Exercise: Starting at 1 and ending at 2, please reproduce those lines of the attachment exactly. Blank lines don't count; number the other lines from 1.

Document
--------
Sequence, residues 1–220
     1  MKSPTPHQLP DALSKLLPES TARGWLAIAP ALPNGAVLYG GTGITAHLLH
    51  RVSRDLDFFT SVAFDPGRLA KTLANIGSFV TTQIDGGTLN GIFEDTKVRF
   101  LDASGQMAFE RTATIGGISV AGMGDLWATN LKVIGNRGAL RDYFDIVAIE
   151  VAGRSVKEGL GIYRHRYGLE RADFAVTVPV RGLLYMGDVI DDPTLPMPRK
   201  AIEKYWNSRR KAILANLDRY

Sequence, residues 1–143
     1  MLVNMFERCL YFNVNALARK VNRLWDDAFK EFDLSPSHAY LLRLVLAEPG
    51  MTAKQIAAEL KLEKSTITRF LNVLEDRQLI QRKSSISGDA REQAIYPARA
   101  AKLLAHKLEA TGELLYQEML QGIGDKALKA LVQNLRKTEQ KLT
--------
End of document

Sequence, residues 1–220
     1  MKSPTPHQLP DALSKLLPES TARGWLAIAP ALPNGAVLYG GTGITAHLLH